Nursing home facilities are breeding grounds for infectious diseases caused by lack of hygiene, which causes germs to spread and affect patients. This is often due to poor management. It is estimated that 380,000 patients may pass away each year due to infections contracted in these facilities. That said, infections represent a serious threat to nursing home residents. Preventing infection should be a basic part of any nursing home. In order to prevent infection in nursing homes, the facility needs to be properly staffed and trained.
There are many things to consider in a nursing home in order to keep infections at bay. Elderly people require proper care and hygiene, and most cannot take care of themselves. The spread of germs, viruses, and bacteria can cause medical conditions in the patients to worsen which increases the probability of contracting an infection. Since elderly patients tend to have compromised immune systems, living in enclosed facilities can encourage the spread of infection.
Influenza was the cause of 1 in 6 deaths among the elderly in the year 1997. From that group, those who were 65 years or older accounted for 90% of these deaths. When there is a spread of the influenza virus in a nursing home, roughly 20 to 30% of the residents get hit and, during these outbreaks, as many as 5% of those living in the facility may die. One of the preventive measures nursing homes take is the vaccination of the population.
Immunization through vaccines can help prevent or limit influenza throughout the nursing home. It is also important to vaccinate staff members, including everyone inside the facility such as nurses, caregivers, administrative staff, food prep staff, etc. This will help in avoiding the spread of the influenza virus from staff member to residents and vice versa.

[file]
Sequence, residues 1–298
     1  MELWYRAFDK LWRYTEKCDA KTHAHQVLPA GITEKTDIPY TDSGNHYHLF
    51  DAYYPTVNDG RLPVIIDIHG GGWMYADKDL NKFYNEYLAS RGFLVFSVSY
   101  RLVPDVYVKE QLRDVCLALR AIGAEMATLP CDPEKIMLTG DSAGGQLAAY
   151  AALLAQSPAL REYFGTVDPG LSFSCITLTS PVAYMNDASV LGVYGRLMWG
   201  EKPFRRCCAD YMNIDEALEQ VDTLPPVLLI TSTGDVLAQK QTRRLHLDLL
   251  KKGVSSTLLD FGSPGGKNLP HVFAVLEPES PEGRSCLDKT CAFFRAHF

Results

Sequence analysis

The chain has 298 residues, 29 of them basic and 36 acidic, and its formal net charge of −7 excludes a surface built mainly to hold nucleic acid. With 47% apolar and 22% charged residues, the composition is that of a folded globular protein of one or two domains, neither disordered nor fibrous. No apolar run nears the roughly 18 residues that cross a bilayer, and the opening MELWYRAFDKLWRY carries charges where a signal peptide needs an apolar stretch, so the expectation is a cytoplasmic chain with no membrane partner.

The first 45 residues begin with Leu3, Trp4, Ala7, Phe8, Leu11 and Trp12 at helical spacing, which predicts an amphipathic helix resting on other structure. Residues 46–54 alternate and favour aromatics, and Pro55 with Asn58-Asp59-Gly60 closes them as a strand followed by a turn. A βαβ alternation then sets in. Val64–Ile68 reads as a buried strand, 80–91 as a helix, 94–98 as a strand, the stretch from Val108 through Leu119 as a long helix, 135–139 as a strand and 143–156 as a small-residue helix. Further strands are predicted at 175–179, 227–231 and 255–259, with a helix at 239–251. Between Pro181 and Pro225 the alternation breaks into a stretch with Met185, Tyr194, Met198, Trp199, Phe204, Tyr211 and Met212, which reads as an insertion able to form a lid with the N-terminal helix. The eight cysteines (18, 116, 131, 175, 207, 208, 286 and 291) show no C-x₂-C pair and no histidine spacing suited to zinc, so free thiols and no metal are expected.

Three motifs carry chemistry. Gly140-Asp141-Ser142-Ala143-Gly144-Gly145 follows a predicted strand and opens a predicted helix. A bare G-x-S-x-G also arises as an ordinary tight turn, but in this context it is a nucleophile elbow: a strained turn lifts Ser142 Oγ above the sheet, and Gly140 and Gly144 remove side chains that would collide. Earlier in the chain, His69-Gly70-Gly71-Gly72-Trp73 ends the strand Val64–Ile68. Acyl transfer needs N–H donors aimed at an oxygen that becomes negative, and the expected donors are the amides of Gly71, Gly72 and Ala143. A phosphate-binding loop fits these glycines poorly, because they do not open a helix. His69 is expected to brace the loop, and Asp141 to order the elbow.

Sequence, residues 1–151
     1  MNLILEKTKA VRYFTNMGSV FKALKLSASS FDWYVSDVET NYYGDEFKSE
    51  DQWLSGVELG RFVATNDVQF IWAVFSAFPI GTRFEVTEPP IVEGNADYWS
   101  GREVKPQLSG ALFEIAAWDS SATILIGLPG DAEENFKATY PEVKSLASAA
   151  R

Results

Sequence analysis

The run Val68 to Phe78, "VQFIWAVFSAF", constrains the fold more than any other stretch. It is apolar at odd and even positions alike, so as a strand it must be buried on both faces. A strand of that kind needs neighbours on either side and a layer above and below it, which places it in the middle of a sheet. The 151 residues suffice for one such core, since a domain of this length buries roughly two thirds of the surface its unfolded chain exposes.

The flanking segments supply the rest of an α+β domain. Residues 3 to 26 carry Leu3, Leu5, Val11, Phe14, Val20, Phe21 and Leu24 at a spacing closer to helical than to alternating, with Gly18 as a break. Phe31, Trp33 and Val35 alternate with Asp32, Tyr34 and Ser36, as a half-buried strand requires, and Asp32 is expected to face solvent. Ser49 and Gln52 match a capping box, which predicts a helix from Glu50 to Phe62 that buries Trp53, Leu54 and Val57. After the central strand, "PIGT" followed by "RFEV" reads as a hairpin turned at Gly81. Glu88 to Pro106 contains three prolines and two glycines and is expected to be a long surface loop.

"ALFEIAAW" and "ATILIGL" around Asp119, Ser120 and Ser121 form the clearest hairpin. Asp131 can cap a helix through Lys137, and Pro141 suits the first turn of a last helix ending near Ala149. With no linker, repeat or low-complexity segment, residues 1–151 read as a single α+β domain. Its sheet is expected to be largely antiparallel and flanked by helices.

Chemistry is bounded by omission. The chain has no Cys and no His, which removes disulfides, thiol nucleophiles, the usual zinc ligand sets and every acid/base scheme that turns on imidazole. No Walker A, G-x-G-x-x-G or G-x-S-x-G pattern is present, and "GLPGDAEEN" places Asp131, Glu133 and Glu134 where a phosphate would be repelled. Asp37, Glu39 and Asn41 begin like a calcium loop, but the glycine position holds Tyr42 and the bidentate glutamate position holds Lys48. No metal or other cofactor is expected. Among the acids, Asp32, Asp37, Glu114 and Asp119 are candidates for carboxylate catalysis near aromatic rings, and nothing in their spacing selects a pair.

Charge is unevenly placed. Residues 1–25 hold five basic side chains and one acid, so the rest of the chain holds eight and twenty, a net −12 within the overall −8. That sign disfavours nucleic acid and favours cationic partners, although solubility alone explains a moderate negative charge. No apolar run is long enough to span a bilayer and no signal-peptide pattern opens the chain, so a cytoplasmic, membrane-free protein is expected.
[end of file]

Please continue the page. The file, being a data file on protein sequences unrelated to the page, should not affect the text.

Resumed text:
Urinary tract infections (UTIs) are commonplace in nursing homes. They are one of the most common infections that happen in the elderly. Urinary tract infections also affect the patients’ kidneys and bladder. The older the patient, the more prone to infection he will be. Lack of cleanliness and a patient staying in the same position for an extended period of time can also encourage infection.
Patients who require catheters need to be cared for properly to avoid contracting a UTI due to an improper insertion of a catheter. Proper hygiene is also crucial when it comes to preventing urinary tract infections.
Scabies is another common infection among the elderly. It’s a skin infection from the sarcoptes scabiei hominis mite. Scabies is common in enclosed areas and can spread to many people within the same facility. Nursing homes normally have to deal with what’s known as “crusted scabies”. Proper hygiene is, again, critical to prevent scabies and any other type of infection spreading throughout the nursing home. Both residents and staff members may contract scabies and infect others.
Elderly residents in a nursing home are vulnerable to infections due to their progressively weakened immune system. It is important to note, however, that some nursing homes may not be doing their job right at keeping their facility clean and free from dreadful germs, bacteria, and viruses that may spread throughout their population and cause many awful infections to the patients within the facility.
Also, the nursing home staff might not be monitoring nor following standards to properly treat those patients who have already contracted infections. If a family member of a nursing home resident suspects that the nursing home is responsible for the passing of a loved one, a lawsuit with a trained attorney might be necessary.